Fans awaiting the release of My Little Pony: The Moviewere just given a HUGE treat today with the release of a never before seen image from the movie!
In the photo, you’ll be able to meet Princess Skystar (voiced by Kristin Chenoweth) and Queen Novo (voiced by Uzo Aduba). You’ll also have the chance to see the Mane 6: Rainbow Dash, Fluttershy, Applejack, Twilight Sparkle, Rarity and Pinkie Pie. The film also features an all-star cast with voice talents of Emily Blunt, Taye Diggs, Michael Peña, Zoë Saldana, Liev Schreiber and Sia, including an original song performed by Sia.
A new dark force threatens Ponyville, and the Mane 6 – Twilight Sparkle, Applejack, Rainbow Dash, Pinkie Pie, Fluttershy, and Rarity – embark on an unforgettable journey beyond Equestria where they meet new friends and exciting challenges on a quest to use the magic of friendship and save their home.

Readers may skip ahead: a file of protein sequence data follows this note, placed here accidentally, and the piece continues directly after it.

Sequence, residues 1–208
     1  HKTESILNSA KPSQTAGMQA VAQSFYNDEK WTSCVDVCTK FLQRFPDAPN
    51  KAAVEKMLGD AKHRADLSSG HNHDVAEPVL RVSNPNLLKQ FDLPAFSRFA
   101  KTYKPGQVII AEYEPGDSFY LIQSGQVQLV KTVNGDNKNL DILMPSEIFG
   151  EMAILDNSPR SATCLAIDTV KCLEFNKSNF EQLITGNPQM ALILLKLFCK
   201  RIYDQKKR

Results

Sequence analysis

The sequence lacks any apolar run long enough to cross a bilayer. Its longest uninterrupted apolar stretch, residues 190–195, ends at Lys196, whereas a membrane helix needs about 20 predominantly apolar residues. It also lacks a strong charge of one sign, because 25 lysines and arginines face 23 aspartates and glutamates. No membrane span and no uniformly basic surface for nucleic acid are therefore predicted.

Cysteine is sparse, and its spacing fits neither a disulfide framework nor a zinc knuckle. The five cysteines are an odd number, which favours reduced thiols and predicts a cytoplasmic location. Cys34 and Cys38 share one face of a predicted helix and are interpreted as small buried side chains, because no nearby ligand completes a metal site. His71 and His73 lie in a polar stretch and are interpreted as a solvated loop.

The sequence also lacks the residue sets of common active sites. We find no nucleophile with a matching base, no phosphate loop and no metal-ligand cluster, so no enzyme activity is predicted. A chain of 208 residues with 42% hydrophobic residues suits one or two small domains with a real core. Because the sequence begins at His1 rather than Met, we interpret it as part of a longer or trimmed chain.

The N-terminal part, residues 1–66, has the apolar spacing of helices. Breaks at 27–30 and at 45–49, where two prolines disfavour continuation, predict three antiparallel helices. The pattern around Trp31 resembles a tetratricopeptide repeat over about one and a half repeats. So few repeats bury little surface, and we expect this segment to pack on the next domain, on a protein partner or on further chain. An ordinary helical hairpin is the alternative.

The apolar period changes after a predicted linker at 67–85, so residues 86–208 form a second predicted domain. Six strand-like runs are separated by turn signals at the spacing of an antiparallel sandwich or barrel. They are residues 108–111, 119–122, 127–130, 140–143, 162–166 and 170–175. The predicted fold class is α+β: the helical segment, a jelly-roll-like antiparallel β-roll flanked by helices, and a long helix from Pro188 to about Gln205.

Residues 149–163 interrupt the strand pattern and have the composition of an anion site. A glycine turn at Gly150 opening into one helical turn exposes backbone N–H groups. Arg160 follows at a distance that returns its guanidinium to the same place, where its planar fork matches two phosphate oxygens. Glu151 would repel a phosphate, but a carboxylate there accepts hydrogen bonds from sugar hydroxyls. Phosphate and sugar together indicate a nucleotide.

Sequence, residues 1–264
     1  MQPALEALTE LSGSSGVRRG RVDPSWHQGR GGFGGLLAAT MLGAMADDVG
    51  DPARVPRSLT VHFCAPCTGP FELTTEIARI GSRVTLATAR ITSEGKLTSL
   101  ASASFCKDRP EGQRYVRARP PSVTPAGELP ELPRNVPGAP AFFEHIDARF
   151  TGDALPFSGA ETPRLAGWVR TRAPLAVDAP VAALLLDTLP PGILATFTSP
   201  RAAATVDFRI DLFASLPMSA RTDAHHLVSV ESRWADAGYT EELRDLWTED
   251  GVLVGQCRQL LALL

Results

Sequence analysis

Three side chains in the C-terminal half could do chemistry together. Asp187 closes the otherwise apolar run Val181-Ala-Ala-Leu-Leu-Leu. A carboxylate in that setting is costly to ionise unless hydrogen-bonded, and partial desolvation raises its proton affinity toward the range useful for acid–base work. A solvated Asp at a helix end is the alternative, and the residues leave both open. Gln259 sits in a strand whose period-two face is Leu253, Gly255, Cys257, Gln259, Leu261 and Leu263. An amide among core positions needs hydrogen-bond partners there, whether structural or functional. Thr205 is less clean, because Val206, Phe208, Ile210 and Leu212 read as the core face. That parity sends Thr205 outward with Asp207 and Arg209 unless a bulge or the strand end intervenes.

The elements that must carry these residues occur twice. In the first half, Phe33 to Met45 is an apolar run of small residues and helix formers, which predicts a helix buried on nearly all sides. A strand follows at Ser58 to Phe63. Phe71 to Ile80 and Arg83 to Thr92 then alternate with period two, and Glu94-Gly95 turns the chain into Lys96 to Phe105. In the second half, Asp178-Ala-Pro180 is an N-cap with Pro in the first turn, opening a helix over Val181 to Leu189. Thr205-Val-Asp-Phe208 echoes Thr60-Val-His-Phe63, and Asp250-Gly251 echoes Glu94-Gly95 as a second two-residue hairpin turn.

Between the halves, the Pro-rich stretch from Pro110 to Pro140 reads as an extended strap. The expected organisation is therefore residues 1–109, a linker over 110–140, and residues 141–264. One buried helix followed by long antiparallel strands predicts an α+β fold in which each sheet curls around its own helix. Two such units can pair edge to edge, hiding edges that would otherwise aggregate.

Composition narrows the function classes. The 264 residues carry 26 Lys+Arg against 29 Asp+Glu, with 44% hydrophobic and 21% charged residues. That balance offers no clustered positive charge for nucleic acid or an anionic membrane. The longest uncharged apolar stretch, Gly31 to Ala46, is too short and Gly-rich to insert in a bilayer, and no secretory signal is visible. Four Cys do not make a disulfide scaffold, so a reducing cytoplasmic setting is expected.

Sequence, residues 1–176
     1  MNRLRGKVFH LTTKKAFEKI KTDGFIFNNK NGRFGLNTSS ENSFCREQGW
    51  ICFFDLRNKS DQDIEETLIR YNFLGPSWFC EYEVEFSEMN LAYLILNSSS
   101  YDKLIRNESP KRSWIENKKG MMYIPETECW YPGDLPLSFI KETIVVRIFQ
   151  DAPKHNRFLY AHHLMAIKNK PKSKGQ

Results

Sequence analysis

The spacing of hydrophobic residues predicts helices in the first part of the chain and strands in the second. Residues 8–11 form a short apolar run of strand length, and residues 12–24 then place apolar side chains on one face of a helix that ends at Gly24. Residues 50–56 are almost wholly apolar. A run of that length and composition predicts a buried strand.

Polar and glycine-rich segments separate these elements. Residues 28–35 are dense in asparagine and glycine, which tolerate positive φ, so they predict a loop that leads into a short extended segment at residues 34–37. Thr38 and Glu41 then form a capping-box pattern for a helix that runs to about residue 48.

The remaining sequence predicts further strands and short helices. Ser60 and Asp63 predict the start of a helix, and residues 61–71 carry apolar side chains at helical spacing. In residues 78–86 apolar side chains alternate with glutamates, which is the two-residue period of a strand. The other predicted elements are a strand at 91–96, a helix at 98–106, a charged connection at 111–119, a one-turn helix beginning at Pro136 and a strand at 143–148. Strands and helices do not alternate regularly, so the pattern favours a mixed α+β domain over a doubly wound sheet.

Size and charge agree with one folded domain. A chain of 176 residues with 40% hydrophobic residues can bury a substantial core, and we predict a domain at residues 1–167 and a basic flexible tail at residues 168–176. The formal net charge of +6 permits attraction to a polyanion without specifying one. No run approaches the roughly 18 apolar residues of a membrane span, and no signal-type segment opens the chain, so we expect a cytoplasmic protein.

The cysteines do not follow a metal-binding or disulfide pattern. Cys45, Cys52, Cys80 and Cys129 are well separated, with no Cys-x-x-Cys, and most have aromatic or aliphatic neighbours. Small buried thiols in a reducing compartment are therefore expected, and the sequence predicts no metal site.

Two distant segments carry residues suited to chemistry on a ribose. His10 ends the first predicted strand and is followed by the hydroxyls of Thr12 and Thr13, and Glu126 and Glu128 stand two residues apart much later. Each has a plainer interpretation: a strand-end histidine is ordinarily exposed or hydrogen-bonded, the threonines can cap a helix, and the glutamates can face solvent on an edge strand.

What are two individuals who I didn’t expect to be in a My Little Pony movie?
Hasbro and Lionsgate have announced that Liev Schreiber and Taye Diggs will be joining the cast of My Little Pony: The Movie. The two are the latest additions to the A-List ensemble cast of the film, which is slated for theatrical release on October 6, 2017.
Schreiber and Diggs will both voice characters that are brand new to the franchise, joining the established “Mane 6” from the award-winning My Little Pony: Friendship is Magic TV series on their first journey to the big screen. They will be joined by previously announced Golden Globe-winning actress Emily Blunt, Tony and Emmy Award-winning actress Kristen Chenoweth, Emmy Award-winning and Golden Globe-nominated actress Uzo Aduba and Michael Pena.